DOWN AT THE END OF LONELY STREET by PETER BROWN and PAT BROESKE: The rise and fall of the King

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DOWN AT THE END OF LONELY STREET by PETER BROWN and PAT BROESKE: The rise and fall of the King

With the second volume of Peter Guralnick’s definitive two-part biography of Elvis, Careless Love: The Unmaking of Elvis Presley there would seem little reason to be interested in this more modest paperback subtitled with blunt literalism The Life and Death of Elvis Presley.

However, Brown and Broeske have done their homework and cite numerous personal interviews with major protagonists including the notoriously unforthcoming Sun Studios head Sam Phillips, who first recorded the man who would be King, manager Colonel Tom Parker and Presley’s last girlfriend, Ginger Alden, who found his bloated body face down in the toilet that afternoon in August 1977.

Over the decades there have been plenty of scurrilous books and articles about Presley (in their instructive introduction the authors cite a Presley family member alleging Elvis had a sexual relationship with his mother) but this book cautiously charts a course between sensationalism and genuflection while not shying away from obvious truths, notably that Presley was as sexually active as his detractors would have it.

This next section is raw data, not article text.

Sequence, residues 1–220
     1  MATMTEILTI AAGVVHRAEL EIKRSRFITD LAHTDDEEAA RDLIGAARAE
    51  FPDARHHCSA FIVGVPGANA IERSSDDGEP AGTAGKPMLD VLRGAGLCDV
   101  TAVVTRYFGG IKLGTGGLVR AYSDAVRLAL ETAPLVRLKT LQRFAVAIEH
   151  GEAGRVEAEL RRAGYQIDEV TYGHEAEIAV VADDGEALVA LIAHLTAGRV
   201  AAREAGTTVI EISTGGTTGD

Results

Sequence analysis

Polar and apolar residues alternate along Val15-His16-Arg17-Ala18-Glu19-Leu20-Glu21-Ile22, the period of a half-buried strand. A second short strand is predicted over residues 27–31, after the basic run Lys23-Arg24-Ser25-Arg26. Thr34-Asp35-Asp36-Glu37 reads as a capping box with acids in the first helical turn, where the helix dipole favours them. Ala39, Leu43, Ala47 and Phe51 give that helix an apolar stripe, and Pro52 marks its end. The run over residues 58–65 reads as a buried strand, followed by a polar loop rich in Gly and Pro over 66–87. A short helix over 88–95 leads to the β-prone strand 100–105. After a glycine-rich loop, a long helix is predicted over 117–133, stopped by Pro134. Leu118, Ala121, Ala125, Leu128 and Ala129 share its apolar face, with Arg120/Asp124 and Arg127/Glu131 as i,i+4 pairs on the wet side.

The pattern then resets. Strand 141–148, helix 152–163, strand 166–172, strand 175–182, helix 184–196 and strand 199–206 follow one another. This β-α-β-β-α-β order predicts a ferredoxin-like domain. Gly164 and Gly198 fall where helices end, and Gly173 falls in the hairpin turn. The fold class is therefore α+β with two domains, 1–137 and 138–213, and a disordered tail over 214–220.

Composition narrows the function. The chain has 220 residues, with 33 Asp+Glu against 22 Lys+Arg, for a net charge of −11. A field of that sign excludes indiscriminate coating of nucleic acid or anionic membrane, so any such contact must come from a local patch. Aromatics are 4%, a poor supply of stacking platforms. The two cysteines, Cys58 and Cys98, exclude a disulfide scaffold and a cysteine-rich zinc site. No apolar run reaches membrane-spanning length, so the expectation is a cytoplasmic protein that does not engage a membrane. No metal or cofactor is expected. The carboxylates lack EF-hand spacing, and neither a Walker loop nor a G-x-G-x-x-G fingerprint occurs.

He was hardly the chaste mamma’s boy some loyalists would have you believe.down

The chapters about the pivotal period of his stint in the Army in Germany make fascinating reading. While Presley maintained the image of being one of the boys (he was a diligent serviceman, an accomplished map reader and prepared to tough it out with the rest of the troops), he spent only the first five days of his two-year induction in barracks.

After that it was into a hotel suite and then a house, in which Elvis - and his ever-present entourage - could party up large. He entertained a constant stream of willing women in his room overnight, “some as young as 13 or l4".

It was also in the Army that Presley developed a taste for the prescription drugs which would control his life. Amphetamines allowed him to work the day job of being a soldier and heightened his sexual stamina.

As the authors faithfully but unsensationally recount, it was all downhill from there: back to the States and into dire movies, marriage, the occasional flicker of genius, the overeating and chemical intake, divorce, isolation and decline.

For those who can’t be bothered ploughing through the massive Guralnick this is a fair, sometimes uncomfortable but sympathetically written primer -- and a peek into the sad, remote private life of the man who had it all but was allowed to squander his particular genius by those around hm for whom the words, "No Elvis" simply weren't in their vocabulary.


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